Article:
alferec

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Ben Chudner

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Board certification was brought up over 5 years ago without the acceptance of the AOA membership and it failed miserably. I believe it was an effort to allow OD's to check the board certfication box on insurance panel applications. This is a slightly different approach. With Medicare moving to a pay for performance system where providers will be paid differently based on performance criteria, it is believed that this may help OD's get a higher reimbursement. We shall see how the membership reacts to this attempt.
 

IndianaOD

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I think this will be bitterly opposed by older docs and accepted by younger docs. I'd be interested in hearing more. Though I would be more interested in being board certified in my residency trained specialty.

In a way many optometrists call themselves board certified since you have to pass the board exams.
 
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cpw

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In a way many optometrists call themselves board certified since you have to pass the board exams.

They say board certified here in Florida, because Florida offers their own panel of board exams for licensure. (completely separate from the NBEO)
 

KHE

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They say board certified here in Florida, because Florida offers their own panel of board exams for licensure. (completely separate from the NBEO)

The problem with that is that in a broad sense "board certification" in the medical community means demonstrated competence far beyond entry level practice. Simply giving an extra practical to new licenses does not even come close in comparision to the board certification process that physicians in medical specialties go through.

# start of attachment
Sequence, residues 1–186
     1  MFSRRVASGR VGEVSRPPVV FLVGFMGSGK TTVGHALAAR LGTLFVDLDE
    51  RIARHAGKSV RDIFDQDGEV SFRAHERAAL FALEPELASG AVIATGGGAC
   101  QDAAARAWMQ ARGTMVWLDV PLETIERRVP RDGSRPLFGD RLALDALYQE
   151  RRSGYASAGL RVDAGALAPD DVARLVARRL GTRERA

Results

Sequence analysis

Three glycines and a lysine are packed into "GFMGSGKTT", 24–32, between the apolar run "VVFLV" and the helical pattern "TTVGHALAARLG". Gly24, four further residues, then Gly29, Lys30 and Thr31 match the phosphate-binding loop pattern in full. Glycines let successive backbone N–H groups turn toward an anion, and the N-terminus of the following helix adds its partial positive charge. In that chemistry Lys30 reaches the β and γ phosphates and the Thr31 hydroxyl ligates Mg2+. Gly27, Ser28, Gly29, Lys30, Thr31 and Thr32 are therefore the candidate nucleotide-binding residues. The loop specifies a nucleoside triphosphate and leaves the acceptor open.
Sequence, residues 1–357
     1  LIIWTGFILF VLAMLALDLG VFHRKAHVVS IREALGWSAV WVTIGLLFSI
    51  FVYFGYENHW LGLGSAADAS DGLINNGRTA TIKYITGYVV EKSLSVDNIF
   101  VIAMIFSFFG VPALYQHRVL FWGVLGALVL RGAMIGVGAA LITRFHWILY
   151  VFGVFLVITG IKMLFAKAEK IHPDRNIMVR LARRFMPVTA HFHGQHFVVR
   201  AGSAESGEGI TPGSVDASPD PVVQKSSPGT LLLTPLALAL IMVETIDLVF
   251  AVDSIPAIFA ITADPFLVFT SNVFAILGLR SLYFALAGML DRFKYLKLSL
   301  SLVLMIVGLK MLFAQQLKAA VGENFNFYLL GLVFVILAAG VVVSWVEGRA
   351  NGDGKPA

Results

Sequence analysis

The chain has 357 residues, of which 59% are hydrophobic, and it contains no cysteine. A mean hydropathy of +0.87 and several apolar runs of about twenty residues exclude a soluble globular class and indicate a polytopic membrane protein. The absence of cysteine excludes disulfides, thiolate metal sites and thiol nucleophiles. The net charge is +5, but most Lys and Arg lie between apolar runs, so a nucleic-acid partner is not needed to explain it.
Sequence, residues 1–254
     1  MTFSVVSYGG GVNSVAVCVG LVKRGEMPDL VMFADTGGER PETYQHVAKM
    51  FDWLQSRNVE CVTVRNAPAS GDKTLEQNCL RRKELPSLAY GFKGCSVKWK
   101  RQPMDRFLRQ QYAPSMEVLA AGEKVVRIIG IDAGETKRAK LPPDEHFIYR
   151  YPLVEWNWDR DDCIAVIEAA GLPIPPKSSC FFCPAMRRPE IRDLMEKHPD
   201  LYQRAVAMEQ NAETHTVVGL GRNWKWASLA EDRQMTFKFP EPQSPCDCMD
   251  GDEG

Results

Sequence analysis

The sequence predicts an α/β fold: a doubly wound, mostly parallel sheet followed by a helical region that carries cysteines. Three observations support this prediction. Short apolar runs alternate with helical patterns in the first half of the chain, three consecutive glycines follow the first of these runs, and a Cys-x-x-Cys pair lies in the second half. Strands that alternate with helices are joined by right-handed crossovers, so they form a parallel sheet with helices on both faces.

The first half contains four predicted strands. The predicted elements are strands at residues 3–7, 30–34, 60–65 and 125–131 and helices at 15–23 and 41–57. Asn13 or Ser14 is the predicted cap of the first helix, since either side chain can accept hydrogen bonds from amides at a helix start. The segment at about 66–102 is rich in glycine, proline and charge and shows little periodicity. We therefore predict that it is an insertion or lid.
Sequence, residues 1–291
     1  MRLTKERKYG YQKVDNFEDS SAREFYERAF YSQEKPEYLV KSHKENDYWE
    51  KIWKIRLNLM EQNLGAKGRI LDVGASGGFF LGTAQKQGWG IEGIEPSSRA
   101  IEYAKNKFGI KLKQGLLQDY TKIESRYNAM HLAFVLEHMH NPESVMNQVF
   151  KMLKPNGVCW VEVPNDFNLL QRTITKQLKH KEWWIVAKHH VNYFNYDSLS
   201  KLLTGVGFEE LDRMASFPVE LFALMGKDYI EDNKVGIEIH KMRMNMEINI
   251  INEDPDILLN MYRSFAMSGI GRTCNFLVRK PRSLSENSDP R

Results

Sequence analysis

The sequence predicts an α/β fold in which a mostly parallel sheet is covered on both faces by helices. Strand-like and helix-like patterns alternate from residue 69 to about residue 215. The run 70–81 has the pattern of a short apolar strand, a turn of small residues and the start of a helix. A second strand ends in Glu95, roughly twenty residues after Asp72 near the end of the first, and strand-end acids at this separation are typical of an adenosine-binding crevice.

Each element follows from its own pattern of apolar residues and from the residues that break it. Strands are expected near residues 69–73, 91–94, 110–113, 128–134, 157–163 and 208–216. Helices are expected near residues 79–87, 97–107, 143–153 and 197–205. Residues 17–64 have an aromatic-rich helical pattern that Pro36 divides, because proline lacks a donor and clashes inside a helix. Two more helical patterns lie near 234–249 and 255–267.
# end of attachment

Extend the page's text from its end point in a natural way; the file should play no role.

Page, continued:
If you tell a group of physicians that you are "board certified" as an optometrist they will either:

1) Have no idea what that means
2) Laugh at you if they have any clue what you went through to get that certification. (Please note that that is not a personal attack!)

The notion of "board certification" for optometrists is a horrible idea now, just as it was years ago when that issue reared its head again.
 

cpw

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If you tell a group of physicians that you are "board certified" as an optometrist they will either:

1) Have no idea what that means
2) Laugh at you if they have any clue what you went through to get that certification. (Please note that that is not a personal attack!)

I understand that completely. I just had to run the Florida gauntlet (one killer 5 1/2 hour written exam, a state law exam, and a clinical practical). It's challenging, yes.. but definitely doable. The year I took it there was a 65% pass rate. It's definitely not a specialty certification like it would be if they made up standard national boards for Low Vision, Ocular Path, Peds/Binoc, etc.
 

VA Hopeful Dr

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I understand that completely. I just had to run the Florida gauntlet (one killer 5 1/2 hour written exam, a state law exam, and a clinical practical). It's challenging, yes.. but definitely doable. The year I took it there was a 65% pass rate. It's definitely not a specialty certification like it would be if they made up standard national boards for Low Vision, Ocular Path, Peds/Binoc, etc.

The question here would be how much extra training does the Board Certified in Ocular Path OD have compared to your regular OD?

The difference between an internist and an oncologist is huge - will the OD version of this be comparable?
 

Ben Chudner

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The question here would be how much extra training does the Board Certified in Ocular Path OD have compared to your regular OD?

The difference between an internist and an oncologist is huge - will the OD version of this be comparable?